Review: Martial Arts Comedy, JAILBREAK (2017) Is The Break Fans Need

By 2013, French-born Chinese/Cambodian martial artist Jean-Paul Ly was well on his way into a fledgling career in stuntwork after moving to the U.K., although his primary trajectory aimed more toward becoming an actor. It's a move that couldn't have been more opportune for Ly whose own growth and progress ultimately found him in good straits with emerging talent out of Cambodia where then-screenwriter Jimmy Henderson and journeying up-and-comer Loy Te were already stirring some fruitful comradery of their own.

Thus, with the contribution of the work experience brought on by Henderson's directorial debut, Hanuman, and the entrance of local actor and martial artist Dara Our, and the proverbial open swing of the door for culminating talent comes action comedy Jailbreak, an abiding and much more commercial opportunity for Cambodian cinema, and incidentally, production company, Kongchak Pictures and Puprom Entertainment. The concept itself arose in earlier teaser posters with a familiar look that would have anyone fond of Asian action cinema curious and especially in the wake of such regional hit movies out of distant neighboring Indonesia...say, any film directed by Gareth Huw Evans for that matter. For what it's worth, it was certainly a step in the right direction.

Ly also serves as action director and fight choreographer with Our, further setting the tone and atmosphere with a combined work ethic that lends the film its much-deserved action movie buzz next to some of its cast. Michael Hodgson wrote the script for Hanuman, and makes his return to the pen for Henderson's newest action-packed outing which somewhat sees Ly in the fish-out-of-water role as a visiting French inspector from the Groupe d'intervention de la Gendarmerie nationale (GIGN), assigned to join a tactical police escort led by Dara to deliver sniveling, notorious criminal witness, Playboy, to Prei Klaa Prison to await trial. As the tale tells it, however, getting out won't be as easy as getting in with Playboy now a moving target, leaving our heroes fighting their way through hordes of inmates intermittently freed from their cells while a deadly gang of female killers descend unto Prei Klaa to collect Playboy's head.

Said gang, known as the Butterflies - a criminal network of femme fatales well-crafted in matters of killing and espionage - are led by the Madame herself, played by former AV star Céline Tran who spent a grand portion of recent years redefining herself as a film actress with a knack for screenfighting and camera readiness. Having had the chance to sample her blooming skillset with a number of folks in France's stunt and independent film community, principally with a definitive mark left in the live-action portrayal of Doggybag vampire action horror comic book, Heartbreaker, Tran makes her own debut here as well, and to some avail as well. She is never not stunning, and she provenly has what it takes to segue onward as an actress and, despite limited screentime in the fight department, a feasible action performer that stunt players can work with.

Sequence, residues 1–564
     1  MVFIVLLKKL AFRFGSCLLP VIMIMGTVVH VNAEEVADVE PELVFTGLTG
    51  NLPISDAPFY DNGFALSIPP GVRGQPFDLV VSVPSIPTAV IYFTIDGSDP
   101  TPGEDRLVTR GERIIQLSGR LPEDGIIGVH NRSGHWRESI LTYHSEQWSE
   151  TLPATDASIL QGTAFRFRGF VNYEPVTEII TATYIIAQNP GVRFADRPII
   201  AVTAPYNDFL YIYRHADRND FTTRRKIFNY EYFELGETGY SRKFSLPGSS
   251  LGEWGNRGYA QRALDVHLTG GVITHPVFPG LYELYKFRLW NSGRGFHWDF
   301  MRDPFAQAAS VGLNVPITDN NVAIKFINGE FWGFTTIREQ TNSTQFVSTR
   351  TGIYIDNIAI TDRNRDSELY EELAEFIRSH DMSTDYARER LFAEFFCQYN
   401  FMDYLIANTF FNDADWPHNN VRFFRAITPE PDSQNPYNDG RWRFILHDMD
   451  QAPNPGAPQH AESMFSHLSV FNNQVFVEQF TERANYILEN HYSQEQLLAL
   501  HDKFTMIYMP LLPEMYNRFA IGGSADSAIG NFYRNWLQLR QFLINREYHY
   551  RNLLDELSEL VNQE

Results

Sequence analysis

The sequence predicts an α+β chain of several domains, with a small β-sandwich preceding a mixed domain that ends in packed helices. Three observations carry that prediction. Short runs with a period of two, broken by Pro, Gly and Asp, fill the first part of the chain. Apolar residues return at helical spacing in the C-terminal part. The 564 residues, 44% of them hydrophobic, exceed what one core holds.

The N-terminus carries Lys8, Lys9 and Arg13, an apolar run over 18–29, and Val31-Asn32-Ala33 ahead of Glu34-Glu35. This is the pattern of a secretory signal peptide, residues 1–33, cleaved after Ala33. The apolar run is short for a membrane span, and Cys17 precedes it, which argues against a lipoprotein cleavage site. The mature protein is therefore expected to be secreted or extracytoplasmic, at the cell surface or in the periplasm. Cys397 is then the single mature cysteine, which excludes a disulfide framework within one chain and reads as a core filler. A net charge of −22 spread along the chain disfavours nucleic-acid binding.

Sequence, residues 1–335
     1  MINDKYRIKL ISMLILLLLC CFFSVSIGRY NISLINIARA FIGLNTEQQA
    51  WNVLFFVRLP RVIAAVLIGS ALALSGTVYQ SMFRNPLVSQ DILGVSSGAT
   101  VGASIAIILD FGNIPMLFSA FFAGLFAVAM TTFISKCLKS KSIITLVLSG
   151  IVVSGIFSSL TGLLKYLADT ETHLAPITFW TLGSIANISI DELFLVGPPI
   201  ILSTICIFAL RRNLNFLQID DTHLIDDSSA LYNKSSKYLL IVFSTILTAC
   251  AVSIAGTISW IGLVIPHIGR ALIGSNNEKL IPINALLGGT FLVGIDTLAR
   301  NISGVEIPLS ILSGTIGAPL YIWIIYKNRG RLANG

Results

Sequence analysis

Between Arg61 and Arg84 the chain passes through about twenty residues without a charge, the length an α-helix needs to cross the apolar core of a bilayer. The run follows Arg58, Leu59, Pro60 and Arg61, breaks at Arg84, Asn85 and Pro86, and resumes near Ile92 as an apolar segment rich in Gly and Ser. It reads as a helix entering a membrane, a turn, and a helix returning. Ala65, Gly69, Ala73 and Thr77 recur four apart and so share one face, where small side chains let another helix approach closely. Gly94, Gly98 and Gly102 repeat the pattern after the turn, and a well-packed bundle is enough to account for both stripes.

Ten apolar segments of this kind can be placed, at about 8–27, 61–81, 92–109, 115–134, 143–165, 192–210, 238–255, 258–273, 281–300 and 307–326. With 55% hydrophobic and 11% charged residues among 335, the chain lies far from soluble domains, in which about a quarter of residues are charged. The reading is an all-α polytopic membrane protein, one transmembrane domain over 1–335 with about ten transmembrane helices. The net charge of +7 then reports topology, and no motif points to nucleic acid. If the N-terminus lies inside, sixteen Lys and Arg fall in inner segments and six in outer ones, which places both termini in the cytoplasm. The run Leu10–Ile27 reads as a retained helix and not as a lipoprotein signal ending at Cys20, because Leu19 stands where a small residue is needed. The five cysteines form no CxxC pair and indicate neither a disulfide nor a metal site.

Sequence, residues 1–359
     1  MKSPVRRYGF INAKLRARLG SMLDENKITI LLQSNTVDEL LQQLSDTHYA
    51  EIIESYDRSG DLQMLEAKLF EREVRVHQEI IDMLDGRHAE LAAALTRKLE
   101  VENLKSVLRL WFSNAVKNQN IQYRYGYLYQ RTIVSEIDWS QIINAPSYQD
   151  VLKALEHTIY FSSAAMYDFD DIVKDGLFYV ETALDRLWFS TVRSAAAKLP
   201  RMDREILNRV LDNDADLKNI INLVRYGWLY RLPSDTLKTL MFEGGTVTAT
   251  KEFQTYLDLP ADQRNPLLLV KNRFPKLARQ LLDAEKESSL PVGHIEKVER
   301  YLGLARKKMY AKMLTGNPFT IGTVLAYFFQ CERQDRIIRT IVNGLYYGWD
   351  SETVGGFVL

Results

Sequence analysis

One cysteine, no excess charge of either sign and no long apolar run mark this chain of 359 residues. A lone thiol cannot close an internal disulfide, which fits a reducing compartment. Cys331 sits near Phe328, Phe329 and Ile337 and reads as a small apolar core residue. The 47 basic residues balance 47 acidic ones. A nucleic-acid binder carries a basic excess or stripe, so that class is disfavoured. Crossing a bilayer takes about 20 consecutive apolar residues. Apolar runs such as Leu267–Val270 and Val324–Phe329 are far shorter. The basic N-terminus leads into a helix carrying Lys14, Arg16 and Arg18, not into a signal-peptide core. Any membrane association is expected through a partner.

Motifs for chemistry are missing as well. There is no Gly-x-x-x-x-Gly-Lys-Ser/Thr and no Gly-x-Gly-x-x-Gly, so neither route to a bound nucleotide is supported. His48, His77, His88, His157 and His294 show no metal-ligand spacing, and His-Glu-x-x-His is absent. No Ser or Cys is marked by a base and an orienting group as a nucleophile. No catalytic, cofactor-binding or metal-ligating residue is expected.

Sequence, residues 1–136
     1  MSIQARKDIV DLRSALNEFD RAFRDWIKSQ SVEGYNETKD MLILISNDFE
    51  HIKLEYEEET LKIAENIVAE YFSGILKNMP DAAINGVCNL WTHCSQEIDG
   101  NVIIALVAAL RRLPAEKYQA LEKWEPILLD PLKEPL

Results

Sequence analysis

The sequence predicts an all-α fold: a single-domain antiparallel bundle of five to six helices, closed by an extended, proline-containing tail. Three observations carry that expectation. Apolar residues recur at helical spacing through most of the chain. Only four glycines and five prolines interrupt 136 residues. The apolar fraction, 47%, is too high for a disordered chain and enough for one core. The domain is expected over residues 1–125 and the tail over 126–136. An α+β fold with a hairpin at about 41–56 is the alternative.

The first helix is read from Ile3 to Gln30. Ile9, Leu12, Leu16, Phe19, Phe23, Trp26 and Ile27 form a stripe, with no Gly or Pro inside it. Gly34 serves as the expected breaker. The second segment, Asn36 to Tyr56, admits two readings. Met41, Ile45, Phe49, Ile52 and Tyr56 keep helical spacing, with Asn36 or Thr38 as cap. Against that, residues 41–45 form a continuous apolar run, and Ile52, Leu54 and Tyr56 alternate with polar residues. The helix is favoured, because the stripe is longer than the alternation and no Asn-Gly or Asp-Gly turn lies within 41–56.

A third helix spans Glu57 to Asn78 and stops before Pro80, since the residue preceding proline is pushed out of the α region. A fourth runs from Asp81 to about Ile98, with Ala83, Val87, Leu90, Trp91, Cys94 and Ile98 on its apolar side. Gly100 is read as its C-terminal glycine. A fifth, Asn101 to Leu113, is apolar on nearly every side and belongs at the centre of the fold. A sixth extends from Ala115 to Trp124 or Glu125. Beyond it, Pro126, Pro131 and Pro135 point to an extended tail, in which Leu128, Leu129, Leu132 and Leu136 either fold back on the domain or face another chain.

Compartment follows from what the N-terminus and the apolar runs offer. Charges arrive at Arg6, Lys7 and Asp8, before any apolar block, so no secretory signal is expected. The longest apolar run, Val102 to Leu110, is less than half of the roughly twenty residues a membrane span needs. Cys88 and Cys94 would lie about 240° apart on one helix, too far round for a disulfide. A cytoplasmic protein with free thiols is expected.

Savin Philip, who appeared in ruthless fashion as the villain in Hanuman, reunites with Henderson in the role of Playboy, whose eagerness to stay out of jail now sees him on the business end of one attempt after another by the Madame to have him killed as soon as possible. Phillip delivers one of the film's few, more stronger acting performances which also helps greatly in the film's comedy standing; at least one moment will have you doing double-takes in which after he downs mouthfuls of meat during dinner with the Madame, you'll be asking yourself just what that was he was wiping his mouth with. It's an exaggeration that still works, thus bringing function to the character instead of camp.

The remainder of the film rests purely on the presentation of its stars to carry the tonal pivot between drama and comedy, often changing between French and English to balance out with the film's bulk Khmer-speaking cast. It's also a condition that allows for a few nifty surprises during the overall exposition and development as we meet Ly and Our in their respective roles. The acting is initally stiff in their first scene together but improves amply enough as the danger and peril intensifies with the action. Naturally the dialogue flows a bit better among certain cast members between langauges; actor Visal Sok co-stars the role of Pros, a local police Colonel who shares an extinuating friendship with Ly, speaking both French as well as Khmer.

Atomweight MMA fighter Tharoth Oum Sam brings sturdiness and charm to her role as the only female member of Dara's squad. Showcasing a range that bodes excellently for key moments in scenes shared with a few of her co-stars, she also vindicates her debut emitting her own gravitas and acumen as a capable screenfighter on equal footing with her fellow co-stars. Dara Phang stands out as the team's comedy fixture, Socheat, who serves as a member of Dara's unit providing supplementary humor that doesn't interfere with his usefulness when the fighting gets going.